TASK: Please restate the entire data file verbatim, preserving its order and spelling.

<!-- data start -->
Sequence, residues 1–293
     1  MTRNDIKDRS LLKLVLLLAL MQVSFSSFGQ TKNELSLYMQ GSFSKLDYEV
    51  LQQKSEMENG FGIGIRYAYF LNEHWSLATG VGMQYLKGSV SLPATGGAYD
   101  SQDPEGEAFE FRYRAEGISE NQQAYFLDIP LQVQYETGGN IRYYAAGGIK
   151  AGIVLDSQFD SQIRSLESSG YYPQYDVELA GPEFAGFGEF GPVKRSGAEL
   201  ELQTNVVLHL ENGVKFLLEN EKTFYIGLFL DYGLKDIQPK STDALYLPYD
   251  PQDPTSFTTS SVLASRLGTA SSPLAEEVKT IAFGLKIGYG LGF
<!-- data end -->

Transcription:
Sequence, residues 1–293
     1  MTRNDIKDRS LLKLVLLLAL MQVSFSSFGQ TKNELSLYMQ GSFSKLDYEV
    51  LQQKSEMENG FGIGIRYAYF LNEHWSLATG VGMQYLKGSV SLPATGGAYD
   101  SQDPEGEAFE FRYRAEGISE NQQAYFLDIP LQVQYETGGN IRYYAAGGIK
   151  AGIVLDSQFD SQIRSLESSG YYPQYDVELA GPEFAGFGEF GPVKRSGAEL
   201  ELQTNVVLHL ENGVKFLLEN EKTFYIGLFL DYGLKDIQPK STDALYLPYD
   251  PQDPTSFTTS SVLASRLGTA SSPLAEEVKT IAFGLKIGYG LGF